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You are here : 3-RX.com > Home > Gender: Female -

Mother loses test case on under-16 abortions

Gender: FemaleJan 23, 06

Girls under the age of 16 can have an abortion without their parents’ consent, the High Court ruled on Monday after a test case by a mother of two teenagers.

Susan Axon, 52, from Manchester, went to court in November to contest a law that allows girls under 16 to receive advice on abortion and sexual health in confidence.

Had she won, doctors would have been obliged to notify parents before they provided information or treatment on any sexual health matter including abortion.

The country’s leading sexual health charity welcomed the decision and said any change in the rules would have been a disaster.

Justice Silber said he believed a previous ruling which allowed doctors to give advice to under 16s in confidence had been lawful and he would therefore not change it.

“If a young girl is deterred because of the lack of confidentiality from seeking advice from a doctor on a possible abortion, she might, by so doing, make a decision that she later regrets or she might seek the assistance of an unqualified abortionist,” the judge said. Axon, who has five children including two teenage daughters, said she took the action after having an abortion herself 20 years ago.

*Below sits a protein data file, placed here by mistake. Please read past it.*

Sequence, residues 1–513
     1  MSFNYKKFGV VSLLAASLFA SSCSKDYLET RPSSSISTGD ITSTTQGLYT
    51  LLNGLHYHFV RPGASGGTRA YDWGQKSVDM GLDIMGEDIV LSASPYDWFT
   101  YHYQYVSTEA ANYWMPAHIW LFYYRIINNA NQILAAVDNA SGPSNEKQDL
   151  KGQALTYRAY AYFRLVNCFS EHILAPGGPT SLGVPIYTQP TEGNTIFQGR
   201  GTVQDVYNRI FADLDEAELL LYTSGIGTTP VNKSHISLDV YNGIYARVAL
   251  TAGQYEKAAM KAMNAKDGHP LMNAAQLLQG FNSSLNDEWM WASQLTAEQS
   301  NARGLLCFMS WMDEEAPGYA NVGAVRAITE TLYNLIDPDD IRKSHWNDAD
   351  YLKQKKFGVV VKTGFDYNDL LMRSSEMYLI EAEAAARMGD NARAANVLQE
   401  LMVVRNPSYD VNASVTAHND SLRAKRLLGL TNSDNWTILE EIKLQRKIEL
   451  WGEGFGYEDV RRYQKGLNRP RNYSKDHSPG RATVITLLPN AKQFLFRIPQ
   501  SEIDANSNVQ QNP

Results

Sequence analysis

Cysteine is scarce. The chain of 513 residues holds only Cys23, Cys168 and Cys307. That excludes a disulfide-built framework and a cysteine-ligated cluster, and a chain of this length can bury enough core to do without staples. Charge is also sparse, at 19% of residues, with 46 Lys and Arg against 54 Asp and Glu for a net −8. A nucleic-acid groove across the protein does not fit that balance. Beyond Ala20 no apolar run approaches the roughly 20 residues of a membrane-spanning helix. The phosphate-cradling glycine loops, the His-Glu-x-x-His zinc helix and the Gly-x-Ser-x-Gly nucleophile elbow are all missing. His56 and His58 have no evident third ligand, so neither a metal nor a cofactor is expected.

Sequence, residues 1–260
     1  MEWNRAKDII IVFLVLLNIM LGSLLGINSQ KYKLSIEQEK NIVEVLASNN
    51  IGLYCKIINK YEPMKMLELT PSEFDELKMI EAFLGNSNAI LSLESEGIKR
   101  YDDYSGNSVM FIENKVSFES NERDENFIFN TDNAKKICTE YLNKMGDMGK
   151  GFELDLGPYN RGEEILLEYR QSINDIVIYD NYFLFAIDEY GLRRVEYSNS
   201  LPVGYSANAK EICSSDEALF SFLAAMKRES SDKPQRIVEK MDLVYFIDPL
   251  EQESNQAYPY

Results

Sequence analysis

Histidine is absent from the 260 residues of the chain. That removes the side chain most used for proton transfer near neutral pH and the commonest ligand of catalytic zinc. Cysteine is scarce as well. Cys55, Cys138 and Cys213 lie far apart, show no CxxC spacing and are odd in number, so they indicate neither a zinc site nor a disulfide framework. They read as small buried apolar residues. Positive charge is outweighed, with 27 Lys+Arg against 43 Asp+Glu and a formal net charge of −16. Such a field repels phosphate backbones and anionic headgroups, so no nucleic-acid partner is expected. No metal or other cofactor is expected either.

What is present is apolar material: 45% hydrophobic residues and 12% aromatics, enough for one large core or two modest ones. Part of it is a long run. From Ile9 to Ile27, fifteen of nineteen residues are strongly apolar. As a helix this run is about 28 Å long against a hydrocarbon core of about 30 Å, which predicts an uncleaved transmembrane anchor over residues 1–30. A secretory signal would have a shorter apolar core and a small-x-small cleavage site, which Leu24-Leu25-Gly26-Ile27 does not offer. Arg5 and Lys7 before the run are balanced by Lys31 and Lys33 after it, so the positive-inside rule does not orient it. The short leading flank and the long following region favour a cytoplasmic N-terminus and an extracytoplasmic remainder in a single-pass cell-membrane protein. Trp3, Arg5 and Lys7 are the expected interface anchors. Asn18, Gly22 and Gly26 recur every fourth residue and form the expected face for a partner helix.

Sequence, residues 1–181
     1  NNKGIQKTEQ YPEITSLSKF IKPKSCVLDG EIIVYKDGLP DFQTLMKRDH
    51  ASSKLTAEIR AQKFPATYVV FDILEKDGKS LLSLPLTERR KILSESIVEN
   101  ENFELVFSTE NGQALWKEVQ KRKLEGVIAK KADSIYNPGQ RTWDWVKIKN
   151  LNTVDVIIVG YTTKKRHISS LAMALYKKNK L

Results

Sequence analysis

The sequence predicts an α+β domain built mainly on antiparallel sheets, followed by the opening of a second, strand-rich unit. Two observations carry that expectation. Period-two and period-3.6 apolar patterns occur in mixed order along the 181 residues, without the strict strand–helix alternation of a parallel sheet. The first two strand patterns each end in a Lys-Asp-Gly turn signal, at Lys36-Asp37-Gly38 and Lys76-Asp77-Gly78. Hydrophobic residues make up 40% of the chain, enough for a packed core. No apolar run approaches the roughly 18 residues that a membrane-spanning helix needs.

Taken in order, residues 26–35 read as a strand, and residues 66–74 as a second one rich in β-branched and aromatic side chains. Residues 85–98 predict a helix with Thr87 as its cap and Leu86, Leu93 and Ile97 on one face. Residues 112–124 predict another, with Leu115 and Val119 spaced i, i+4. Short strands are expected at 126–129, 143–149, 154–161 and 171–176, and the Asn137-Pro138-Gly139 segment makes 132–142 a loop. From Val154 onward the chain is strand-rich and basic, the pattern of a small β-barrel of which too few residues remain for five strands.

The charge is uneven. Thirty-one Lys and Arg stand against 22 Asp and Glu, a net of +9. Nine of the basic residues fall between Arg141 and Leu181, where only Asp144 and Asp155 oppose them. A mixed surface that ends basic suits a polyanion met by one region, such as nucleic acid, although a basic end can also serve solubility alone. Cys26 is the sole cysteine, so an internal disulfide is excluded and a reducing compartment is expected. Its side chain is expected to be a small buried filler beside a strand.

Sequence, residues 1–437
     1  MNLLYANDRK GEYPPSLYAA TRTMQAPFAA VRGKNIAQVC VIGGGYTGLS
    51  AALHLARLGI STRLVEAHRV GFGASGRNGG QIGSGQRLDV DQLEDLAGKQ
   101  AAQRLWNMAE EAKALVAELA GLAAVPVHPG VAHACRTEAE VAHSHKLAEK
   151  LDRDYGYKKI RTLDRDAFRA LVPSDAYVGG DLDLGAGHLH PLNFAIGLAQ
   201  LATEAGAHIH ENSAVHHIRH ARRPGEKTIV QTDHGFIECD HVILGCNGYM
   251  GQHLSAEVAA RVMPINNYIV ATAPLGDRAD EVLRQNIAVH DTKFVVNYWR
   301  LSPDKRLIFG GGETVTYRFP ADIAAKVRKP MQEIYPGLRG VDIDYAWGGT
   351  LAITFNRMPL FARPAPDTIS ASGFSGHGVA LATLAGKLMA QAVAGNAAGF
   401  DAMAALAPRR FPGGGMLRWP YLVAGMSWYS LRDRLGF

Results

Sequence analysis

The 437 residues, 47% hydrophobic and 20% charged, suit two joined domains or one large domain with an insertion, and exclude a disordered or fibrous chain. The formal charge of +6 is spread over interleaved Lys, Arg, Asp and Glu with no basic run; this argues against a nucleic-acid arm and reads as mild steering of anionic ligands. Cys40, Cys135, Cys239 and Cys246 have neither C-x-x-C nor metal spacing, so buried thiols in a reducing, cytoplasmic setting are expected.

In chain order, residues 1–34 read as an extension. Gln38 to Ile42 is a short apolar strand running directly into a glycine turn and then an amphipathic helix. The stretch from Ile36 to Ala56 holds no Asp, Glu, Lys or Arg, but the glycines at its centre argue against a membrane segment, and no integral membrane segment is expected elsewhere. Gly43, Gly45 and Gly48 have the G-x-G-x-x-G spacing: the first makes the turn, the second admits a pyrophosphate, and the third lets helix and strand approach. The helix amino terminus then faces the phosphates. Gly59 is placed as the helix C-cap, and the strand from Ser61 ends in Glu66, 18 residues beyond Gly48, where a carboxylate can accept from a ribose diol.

She said she suffered from guilt, shame and depression for many years afterwards and “to this day…regrets having undergone it”.

“I am obviously disappointed by the judgement of the court today,” she said in a statement.

“Having endured the trauma of abortion I brought the case to ensure that medical professionals would not carry out an abortion on one of my daughters without first informing me.”

The Family Planning Association (FPA) had campaigned against Axon’s appeal, saying any change in the rules would deter young girls from seeking help on sexual health matters.

“Confidentiality is the single most important factor in a young person’s decision to visit a health service,” FPA Chief Executive Anne Weyman said in a statement.

“Compulsory parental notification of their visit would have been a disaster, leading to young people staying away from services and risking unplanned pregnancy or sexually transmitted infections.

“The needs and rights of those under 16s who lack parental support or who choose not to involve their family in decisions about their sexual health have been safeguarded today.”

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